Metropolitan News-Enterprise


Thursday, February 21, 2008


Page 1


C.A.: Court Retained Jurisdiction to Renew Judgment Against O.J. Simpson


By By Steven M. Ellis, Staff Writer


O.J. Simpson’s move to Florida did not deprive the Los Angeles Superior Court of jurisdiction to renew a $33.5 million wrongful judgment against him in favor of Ronald L. Goldman’s family, this district’s Court of Appeal ruled yesterday.

Rejecting Simpson’s argument that the lower court lacked jurisdiction to renew the judgment because he no longer resided in California, Div. Four affirmed Superior Court Judge Gerald Rosenberg’s decision that the court’s original exercise of jurisdiction over Simpson at the time of the judgment gave it continuing jurisdiction over him.

The Court of Appeal similarly affirmed Rosenberg’s ruling that Simpson’s motion, which was filed more than six months after Goldman’s family filed an application to renew the judgment, was untimely under state law requiring an objection be filed within 30 days of a renewal application.

Scheduled to Expire

The judgment—which arose from a wrongful death action brought by Goldman’s family after Simpson was acquitted of murder charges for the 1994 stabbing deaths of Goldman and Simpson’s ex-wife, Nicole Brown Simpson, at Nicole Simpson’s Brentwood home—has grown to approximately $40 million with interest, and was scheduled to expire on March 10, 2007, 10 years after the date of its entry.

Goldman’s father, Fred Goldman, filed an application in September 2006 under Code of Civil Procedure Sec. 683.170 to renew the judgment, and served and filed notice of the renewal on Simpson after it was entered by the clerk of the court.

Simpson filed a motion to vacate renewal of the judgment on April 10, 2007. Because a judgment creditor can either file to renew judgments nearing their 10-year expiration date or bring an independent action for enforcement, and because any defense to the latter constitutes a defense to the former under Sec. 683.170(a), Simpson contended that the court’s lack of personal jurisdiction over him—a defense in an independent action—supported his motion to vacate renewal.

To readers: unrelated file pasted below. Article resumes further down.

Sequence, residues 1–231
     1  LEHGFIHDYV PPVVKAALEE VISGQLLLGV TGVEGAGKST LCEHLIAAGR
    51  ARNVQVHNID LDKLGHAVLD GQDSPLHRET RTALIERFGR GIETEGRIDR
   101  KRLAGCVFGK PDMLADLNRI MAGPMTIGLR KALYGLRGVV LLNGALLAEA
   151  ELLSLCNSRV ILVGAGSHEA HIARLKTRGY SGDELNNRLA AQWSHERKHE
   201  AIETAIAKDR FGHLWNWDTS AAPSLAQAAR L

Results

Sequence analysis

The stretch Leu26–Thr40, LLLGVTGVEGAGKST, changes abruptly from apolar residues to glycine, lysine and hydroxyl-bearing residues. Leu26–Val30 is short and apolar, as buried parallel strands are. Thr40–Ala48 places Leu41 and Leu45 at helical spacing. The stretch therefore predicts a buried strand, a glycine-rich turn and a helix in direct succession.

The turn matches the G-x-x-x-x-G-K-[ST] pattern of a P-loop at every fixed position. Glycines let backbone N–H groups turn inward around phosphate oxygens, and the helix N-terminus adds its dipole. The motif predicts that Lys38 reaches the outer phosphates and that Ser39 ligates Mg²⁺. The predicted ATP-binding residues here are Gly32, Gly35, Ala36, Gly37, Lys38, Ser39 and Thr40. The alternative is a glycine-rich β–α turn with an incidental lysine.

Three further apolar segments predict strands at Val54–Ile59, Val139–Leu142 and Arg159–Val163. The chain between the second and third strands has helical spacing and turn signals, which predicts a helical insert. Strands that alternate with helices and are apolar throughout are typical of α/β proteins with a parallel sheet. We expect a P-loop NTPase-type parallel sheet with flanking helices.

Judgment Argued ‘Void’

Arguing that such lack of jurisdiction rendered the judgment void, and that a void judgment can be attacked at any time, Simpson contended that his motion could not be deemed untimely and that his motion to vacate the renewal should therefore be granted.

However, Rosenberg rejected Simpson’s arguments and the Court of Appeal agreed.

Writing for the court, Justice Thomas L. Willhite Jr. said that “Simpson’s logic fails on a host of grounds.”

Willhite conceded that a debtor moving to vacate a renewal could contend that the court lacked personal jurisdiction at the time of the initial judgment, but he said it was “an entirely different matter to contend that the renewed judgment must be vacated because the debtor has insufficient personal contacts with the state to confer personal jurisdiction at the time of the renewal.”

He also noted that trial courts that enter original judgments have continuing jurisdiction to enforce those judgments through the statutory renewal process under Code of Civil Procedure Sec. 410.50, explaining:

“[B]ecause entry of the renewal by the court clerk is a ministerial act that merely extends the enforceability of the original judgment, and because the renewed judgment has no independent existence apart from the original  judgment…we conclude that the renewal procedure is properly treated as a ‘subsequent proceeding’ under section 410.50. The superior court, therefore, has ongoing, continuing jurisdiction to effectuate the statutory renewal of the judgment, and the renewal is not subject to attack on the ground that the debtor has insufficient personal contacts with California to establish personal jurisdiction when the renewal is entered.”

Presiding Justice Normal L. Epstein and Justice Nora M. Manella joined Willhite in his opinion.

David J. Cook, counsel for the Goldman family, said that the decision showed that “a plane ticket to Miami is not a free pass from a double wrongful death civil judgment.”

Simpson’s attorney, Richard L. Enkelis, told the MetNews that he could see how the justices had arrived at their decision, but said that he disagreed with their interpretation of the law. He said no decision had yet been made whether to appeal.

The case is Goldman v. Simpson, 08 S.O.S. 1142.


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